And so, dear brethren, we have reached the fifth Sunday of the Great Lent. Today the Holy Church offers us St. Mary of Egypt as a supreme example of repentance. Not everyone is able to understand why, precisely, the Church has chosen her. “She led a most sinful life,” – they say, – “she was a terrible sinner.” But such words can be said only by those who have not yet come to understand the sacrament of penitence.
Let us carefully consider this extraordinary sacrament. Let us first look at how it is revealed to us in the example of the venerable Mary. St. Mary of Egypt led a dissolute way of life. Arriving in Jerusalem, even there she continued to engage in debauchery. But when she wanted to go into the church and venerate the Lord’s precious Cross, she was barred from entering. Gradually she understood why that was happening and began weeping bitterly. Catching sight of an icon of the Mother of God, she prayed to it, repented her way of life and vowed, under the guidance of the Holy Virgin, to reform her life.
At first glance it may seem an easy thing to do. However, let us think, dear brethren: how many of us have truly repented our sins? The Church calls us to penitence and communion. And so we go, and we confess our sins, and we partake of the Holy Mysteries. But… during confession, do we truly repent? or do we only list our sins?
It is easy to go to confession. When we stand before the priest, there is usually a list of sins available. We can look at it and be reminded of our sins. An experienced priest will be able to help us by suggesting possible sins that we may have committed. At the end of confession the priest asks us: do we repent of our sins? Note the question, dear brethren! We are not asked: have you confessed your sins? But – do you repent of your sins? And when we answer: yes, I repent, – we must feel complete remorse in our hearts and truly repent, repent in the same way that Mary of Egypt repented her sinful life.
At least once in our lifetime we receive encouragement towards penitence. Mary of Egypt was barred from entering the church. She understood the reason and spent the following 47 years in penitence. For us the doors of the church are not closed; however, we close them ourselves. “How is that?” – you may well ask. – “I go to church, I confess, I take communion.” Dear brethren! If we, knowing that a service is going on in church, go out to amuse ourselves instead, or sit around the house in idleness, or if we, having taken communion, immediately begin to pass judgment on others and commit anew the sins that we have just confessed, – we close the doors of the church upon ourselves. Even if we enter the church physically, our constant and unrepented sins bar from our souls the grace, the purity, the comfort which we expect to receive in church.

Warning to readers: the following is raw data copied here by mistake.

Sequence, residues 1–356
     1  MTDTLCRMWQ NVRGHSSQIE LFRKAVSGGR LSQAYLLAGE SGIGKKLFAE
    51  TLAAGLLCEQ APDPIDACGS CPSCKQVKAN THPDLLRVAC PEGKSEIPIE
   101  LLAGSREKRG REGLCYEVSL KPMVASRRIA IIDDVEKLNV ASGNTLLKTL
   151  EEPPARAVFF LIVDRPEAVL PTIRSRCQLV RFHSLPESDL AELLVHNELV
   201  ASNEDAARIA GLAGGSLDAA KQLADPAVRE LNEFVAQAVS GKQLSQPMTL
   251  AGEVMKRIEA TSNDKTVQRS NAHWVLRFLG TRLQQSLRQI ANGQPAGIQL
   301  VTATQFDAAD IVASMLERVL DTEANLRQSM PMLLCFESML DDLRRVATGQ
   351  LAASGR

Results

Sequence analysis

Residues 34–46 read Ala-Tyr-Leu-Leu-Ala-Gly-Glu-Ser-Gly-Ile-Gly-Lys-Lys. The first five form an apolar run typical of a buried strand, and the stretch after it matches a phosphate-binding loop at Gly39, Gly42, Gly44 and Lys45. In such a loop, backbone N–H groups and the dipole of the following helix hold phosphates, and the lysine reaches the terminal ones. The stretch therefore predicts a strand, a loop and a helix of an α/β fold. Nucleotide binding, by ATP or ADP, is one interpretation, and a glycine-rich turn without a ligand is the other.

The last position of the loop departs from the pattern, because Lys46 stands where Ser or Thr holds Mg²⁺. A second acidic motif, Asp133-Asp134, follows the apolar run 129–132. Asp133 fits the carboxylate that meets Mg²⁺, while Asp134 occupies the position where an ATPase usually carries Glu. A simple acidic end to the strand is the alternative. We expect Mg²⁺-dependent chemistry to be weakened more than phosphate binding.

We must understand the sacrament of penitence and immerse our-selves fully in it. After St. Mary of Egypt realized her sins and her guilt, the Holy Virgin led her out of society into the desert, where she became completely immersed in repentance and spent many years in this spiritual labor. For her absolute repentance, her soul was totally healed and she ascended to a level of absolute sanctity. When the venerable Zosimas found her in the desert, she was waiting for him. She had become like the angels.
St. Mary actually confessed only three times in her life: the first time – before the icon of the Mother of God, when she became aware of her sins; the second time – in church before her departure for the desert; and the last time – to the elder Zosimas, when she recounted her life to him. But she repented for 47 years. Through her penitence she so purified her soul, returned both her soul and her body to such a paradisal state, that she lay dead in the desert for a whole year, untouched by corruption, or beasts, or the burning sun, or the windswept sands, and when the elder Zosimas found her, a lion came out of the desert and helped bury her. Thus the Lord Himself glorified her and gave her to us as an example of supreme repentance.
Five weeks of the Great Lent have passed already, dear brethren. Let us ask ourselves: have I begun to repent as Mary of Egypt once repented? Have I become aware of my sins? Have I truly understood them and have I repented of them with a sincere intention of reforming myself? Let us not come to confession simply to list our sins, dear brethren, but let us come and repent of them in all earnestness, let us purify our hearts, so that we could truly sing: “The angels sing in the heavens of Thy Resurrection, O Christ our Saviour, and may we on earth glorify Thee with a pure heart.” Amen.